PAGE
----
Over the past month, Russian and Syrian regime warplanes have bombed all three of rebel-held Idlib city’s sports facilities.
Last Thursday, three airstrikes hit the Freedom Sports Hall, the city’s largest, in the second attack on the facility in recent weeks.
The Freedom Sports Hall, which hosted basketball, volleyball, handball and ping pong competitions, is now closed. The airstrikes left gaping holes in its ceiling.
In response to the bombings, sports officials in the northwestern city are no longer publicly announcing the schedule of sporting events “out of fear the matches may be targeted,” the Vice President of the General Commission for Sports and Youth in Idlib, who only gave his first name as Abdulatheem, tells Syria Direct’s Amjad al-Muhandas.
Earlier this year, the Idlib branch of the General Commission for Sports and Youth in Syria, which on its Facebook page calls itself a “Syrian non-governmental sports organization that tends to the affairs of free Syrian athletes,” began organizing sporting events in Idlib city.
Freedom Sports Hall after it was bombed. Photo courtesy of Abdulatheem.
The commission re-built sports halls, organized local tournaments and championships and trained athletes for potential international competitions.
Over the past year, officials have “repaired bombed-out sports halls on multiple occasions,” says Abdulatheem.
“But now, we can’t, since the bombing on the city is ongoing.”
Q: Which sports halls in Idlib city have been bombed?
During their latest attack on Idlib and its countryside, Syrian and Russian planes targeted all of the sports halls run by the General Commission for Sports and Youth in Syria. The strikes hit the Freedom Sports Hall—the largest in Idlib city—where most basketball, handball, volleyball and ping pong games were played.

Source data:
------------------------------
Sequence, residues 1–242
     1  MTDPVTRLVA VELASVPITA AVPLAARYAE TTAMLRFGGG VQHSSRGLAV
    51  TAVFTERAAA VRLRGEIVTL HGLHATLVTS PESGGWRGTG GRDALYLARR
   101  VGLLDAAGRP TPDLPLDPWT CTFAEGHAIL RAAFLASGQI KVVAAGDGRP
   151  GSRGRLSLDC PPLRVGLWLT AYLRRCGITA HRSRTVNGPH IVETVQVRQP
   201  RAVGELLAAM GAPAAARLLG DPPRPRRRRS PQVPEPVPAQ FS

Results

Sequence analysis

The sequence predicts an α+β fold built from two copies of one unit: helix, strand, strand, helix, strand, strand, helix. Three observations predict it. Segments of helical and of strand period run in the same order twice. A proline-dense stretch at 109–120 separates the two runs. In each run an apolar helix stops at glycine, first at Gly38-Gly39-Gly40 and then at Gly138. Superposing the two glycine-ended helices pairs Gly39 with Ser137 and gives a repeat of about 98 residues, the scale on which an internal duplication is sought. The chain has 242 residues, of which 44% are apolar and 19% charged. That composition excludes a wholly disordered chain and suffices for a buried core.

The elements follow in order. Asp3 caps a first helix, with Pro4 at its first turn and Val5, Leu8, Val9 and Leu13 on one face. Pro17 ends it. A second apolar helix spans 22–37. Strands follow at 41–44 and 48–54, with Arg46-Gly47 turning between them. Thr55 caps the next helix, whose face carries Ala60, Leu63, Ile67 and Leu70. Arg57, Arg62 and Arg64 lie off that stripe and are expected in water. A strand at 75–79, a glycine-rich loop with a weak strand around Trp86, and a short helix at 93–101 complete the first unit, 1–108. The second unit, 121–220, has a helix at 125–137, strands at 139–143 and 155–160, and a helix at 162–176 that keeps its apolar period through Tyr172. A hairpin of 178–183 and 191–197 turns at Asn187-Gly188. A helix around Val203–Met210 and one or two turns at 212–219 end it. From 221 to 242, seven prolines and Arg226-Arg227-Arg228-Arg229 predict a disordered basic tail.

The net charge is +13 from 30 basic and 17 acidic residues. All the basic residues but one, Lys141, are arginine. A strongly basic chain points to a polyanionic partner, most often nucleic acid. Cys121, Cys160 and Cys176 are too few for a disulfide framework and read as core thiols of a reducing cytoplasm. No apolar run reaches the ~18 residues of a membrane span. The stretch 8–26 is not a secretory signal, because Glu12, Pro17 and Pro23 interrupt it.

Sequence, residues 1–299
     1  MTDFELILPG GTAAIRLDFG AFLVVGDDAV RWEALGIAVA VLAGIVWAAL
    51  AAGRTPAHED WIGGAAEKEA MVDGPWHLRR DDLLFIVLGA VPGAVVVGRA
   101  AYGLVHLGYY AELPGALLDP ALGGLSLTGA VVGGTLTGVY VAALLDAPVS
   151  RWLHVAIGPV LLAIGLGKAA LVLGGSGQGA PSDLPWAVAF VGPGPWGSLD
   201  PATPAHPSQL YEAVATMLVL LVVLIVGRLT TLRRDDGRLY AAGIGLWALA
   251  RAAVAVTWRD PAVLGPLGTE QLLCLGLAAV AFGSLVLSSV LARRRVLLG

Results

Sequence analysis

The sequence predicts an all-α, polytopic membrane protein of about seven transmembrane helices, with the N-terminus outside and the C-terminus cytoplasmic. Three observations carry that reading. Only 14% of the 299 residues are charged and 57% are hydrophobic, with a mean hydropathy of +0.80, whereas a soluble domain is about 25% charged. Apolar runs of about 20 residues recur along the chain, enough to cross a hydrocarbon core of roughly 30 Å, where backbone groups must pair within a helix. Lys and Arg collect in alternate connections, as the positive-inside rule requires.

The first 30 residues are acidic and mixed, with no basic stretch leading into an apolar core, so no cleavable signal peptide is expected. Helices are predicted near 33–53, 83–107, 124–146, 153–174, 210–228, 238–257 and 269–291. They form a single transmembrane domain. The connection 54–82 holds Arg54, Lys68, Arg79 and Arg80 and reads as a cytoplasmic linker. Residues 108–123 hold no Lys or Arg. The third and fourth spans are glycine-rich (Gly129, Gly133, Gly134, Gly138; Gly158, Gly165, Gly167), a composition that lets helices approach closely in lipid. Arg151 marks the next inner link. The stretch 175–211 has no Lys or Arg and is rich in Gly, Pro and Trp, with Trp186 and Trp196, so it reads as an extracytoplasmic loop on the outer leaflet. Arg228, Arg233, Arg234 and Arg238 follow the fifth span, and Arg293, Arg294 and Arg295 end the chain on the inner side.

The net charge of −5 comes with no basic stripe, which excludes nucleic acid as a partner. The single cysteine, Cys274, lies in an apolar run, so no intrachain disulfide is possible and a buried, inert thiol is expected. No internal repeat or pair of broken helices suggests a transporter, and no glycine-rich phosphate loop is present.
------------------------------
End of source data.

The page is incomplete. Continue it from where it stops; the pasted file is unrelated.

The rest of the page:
In July, both the badminton area and judo hall, where the commission’s office was located, were bombed and totally destroyed.
Q: Did you conduct activities other than athletic competitions in the facilities? Anything that might provoke an attack?
These are strictly athletic halls; nothing happens here except for sports tournaments, which drew large crowds.
These were spaces for people from Idlib to forget about their worries. The regime is targeting all such facilities in Idlib to put more pressure on the people.
Q: How have these bombings affected the sports community in Idlib?
In the past, many people would come and watch tournaments and matches. But after the sports halls were targeted, most sports activities stopped.
We changed the game schedule and moved competitions to the Karate and Ping Pong hall, which is still open. We haven’t announced the new schedule “out of fear the matches may be targeted.”
This past year, we tried to revive sports culture and activities in Idlib. We have repaired the bombed-out sports halls on multiple occasions. But now, we can’t repair them since the bombing on the city is ongoing.
For athletes, there is no alternative. There are no other sports halls.
Q: Are you preparing for any international tournaments?
In July, a karate fighter was chosen to represent Free Syria in a training camp in Eindhoven, the Netherlands. Prior to that, we prepared athletes to participate in international competitions for every sport, especially individual sports. We formed independent sports unions for each sport.
[Ed.: On July 21-24, Eindhoven hosted a karate training camp in which five Syrian opposition karate players participated, Smart News Agency reported in July.]
But following the bombing of the sports halls, we have postponed this work.
Once the bombing dies down, we’ll rebuild the sports halls and continue our activities in liberated areas.